too much of a good thing

photo courtesy www.desireempire.com

photo courtesy
www.desireempire.com

What goes up must come down.  We have been eating a lot of rich foods in the past few days, and are likely to resume eating rich foods next week for the New Year’s celebrations.

Fact is most of our special holiday dishes are protein based, whether from meat, fish, or crustaceans.   Fact is, though, that as omnivores we thrive on a well balanced diet, and that festive meals tend to be especially rich in protein, fat and sugar, while lacking what we consider the mundane basics – produce, fiber, grains. Culturally and historically, protein in whatever form was expensive because costly to provide – ergo reserved for special occasions.  Same went for sugar and fat. Remember the Sunday roast? It was special.  Meat was not eaten every day; nor were cakes and pastries.   We used to save them and savor them.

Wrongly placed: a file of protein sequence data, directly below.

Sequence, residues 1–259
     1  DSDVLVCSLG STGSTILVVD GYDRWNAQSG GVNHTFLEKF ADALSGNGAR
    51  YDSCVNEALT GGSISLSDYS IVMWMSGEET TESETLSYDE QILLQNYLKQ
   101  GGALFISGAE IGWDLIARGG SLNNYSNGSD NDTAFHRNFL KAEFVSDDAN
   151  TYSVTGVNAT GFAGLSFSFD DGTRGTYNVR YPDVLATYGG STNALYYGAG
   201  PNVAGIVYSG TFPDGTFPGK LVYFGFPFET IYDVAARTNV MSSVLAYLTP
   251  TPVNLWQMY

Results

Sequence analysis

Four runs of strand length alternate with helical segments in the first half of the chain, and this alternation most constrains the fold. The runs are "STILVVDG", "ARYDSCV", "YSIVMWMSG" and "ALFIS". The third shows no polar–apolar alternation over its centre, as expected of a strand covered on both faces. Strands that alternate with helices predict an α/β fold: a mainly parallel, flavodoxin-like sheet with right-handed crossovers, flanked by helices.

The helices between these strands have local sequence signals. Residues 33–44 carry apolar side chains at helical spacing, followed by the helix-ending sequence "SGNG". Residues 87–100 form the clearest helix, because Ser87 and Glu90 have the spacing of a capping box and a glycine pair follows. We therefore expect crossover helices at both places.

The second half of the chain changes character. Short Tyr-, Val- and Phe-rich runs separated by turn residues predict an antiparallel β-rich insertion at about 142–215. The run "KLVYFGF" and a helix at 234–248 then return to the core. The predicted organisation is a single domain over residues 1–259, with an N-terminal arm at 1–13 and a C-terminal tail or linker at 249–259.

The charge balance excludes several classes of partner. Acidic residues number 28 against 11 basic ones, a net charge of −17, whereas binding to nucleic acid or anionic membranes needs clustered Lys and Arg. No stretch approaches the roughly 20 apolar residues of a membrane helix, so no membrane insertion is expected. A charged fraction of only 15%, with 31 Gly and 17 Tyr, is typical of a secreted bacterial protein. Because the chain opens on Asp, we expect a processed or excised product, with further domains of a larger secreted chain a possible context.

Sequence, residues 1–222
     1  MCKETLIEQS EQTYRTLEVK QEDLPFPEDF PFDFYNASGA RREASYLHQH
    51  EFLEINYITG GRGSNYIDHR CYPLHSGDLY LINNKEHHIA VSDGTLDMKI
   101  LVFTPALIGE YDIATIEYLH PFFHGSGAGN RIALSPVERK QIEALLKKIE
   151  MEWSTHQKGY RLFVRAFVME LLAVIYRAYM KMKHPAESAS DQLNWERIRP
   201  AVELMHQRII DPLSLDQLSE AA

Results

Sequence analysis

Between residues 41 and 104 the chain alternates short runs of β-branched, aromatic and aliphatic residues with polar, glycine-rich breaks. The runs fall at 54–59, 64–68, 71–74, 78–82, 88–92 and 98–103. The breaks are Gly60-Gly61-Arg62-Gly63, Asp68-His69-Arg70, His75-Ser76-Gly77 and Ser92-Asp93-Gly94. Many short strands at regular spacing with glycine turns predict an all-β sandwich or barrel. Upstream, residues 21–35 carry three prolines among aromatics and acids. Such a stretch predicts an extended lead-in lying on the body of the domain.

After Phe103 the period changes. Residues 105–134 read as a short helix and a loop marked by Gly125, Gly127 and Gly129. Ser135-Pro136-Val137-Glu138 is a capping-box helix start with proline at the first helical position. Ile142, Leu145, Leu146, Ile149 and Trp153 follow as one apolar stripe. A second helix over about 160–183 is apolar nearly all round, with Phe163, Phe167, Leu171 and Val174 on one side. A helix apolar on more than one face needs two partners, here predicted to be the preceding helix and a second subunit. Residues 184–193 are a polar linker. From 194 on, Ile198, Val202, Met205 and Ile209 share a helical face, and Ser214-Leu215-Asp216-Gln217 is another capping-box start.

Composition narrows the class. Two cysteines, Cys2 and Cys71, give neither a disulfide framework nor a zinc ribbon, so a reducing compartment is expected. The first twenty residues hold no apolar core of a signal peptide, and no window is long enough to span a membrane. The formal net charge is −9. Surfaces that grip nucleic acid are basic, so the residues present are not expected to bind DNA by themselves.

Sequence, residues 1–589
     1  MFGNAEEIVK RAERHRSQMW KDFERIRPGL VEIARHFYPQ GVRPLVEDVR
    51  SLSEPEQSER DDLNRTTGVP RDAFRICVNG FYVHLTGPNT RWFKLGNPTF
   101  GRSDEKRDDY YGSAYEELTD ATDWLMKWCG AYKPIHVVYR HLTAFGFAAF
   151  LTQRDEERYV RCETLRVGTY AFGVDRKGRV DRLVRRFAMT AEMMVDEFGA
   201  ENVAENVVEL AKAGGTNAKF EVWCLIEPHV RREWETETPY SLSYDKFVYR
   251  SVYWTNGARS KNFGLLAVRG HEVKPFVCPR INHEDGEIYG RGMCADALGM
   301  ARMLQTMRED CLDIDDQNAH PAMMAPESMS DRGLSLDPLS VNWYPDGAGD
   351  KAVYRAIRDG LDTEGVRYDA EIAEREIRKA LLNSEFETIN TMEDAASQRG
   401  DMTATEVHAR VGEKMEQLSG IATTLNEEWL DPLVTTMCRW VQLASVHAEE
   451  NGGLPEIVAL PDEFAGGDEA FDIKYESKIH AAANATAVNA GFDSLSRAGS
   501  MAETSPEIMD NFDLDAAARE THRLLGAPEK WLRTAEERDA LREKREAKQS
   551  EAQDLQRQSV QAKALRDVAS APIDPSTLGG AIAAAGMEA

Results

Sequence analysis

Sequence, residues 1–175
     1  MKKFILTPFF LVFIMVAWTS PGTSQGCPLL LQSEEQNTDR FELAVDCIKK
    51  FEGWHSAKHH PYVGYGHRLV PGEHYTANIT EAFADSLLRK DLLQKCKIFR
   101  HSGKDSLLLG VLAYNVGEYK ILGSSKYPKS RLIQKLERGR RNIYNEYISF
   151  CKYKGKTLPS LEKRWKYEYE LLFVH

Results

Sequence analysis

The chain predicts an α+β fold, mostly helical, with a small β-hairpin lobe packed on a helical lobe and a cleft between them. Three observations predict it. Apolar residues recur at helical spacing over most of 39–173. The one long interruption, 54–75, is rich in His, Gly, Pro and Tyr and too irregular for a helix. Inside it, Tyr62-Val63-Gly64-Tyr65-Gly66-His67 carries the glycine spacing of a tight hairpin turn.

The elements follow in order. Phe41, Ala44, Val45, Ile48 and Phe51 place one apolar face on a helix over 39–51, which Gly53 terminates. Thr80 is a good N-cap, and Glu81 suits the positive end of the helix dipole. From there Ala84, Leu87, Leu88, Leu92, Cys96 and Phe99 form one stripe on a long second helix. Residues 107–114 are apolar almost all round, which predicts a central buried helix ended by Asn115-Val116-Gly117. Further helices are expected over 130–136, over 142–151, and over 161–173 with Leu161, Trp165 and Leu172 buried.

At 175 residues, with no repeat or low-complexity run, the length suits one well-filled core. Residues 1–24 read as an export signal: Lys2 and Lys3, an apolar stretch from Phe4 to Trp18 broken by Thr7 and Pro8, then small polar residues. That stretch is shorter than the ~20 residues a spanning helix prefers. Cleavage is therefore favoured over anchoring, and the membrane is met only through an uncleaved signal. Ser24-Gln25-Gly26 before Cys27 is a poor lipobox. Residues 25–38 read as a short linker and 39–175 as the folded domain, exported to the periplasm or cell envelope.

photo courtesy www.jeanclaudesbakery.com

photo courtesy
www.jeanclaudesbakery.com

Things are a bit out of whack now because food has become cheap and that former frame of reference is gone.  Most of us can afford all the “special” stuff, which is no longer so special.  Therefore we need to reign in those cravings through self-control and activate our critical-analytical thinking skills.  At the prospect of a meatless dinner my son usually says “awwww” in disappointment.   But too much of the rich stuff and we feel heavy, sluggish, full.lobsters

So back to well balanced meals after the holidays for a well balanced body.

 

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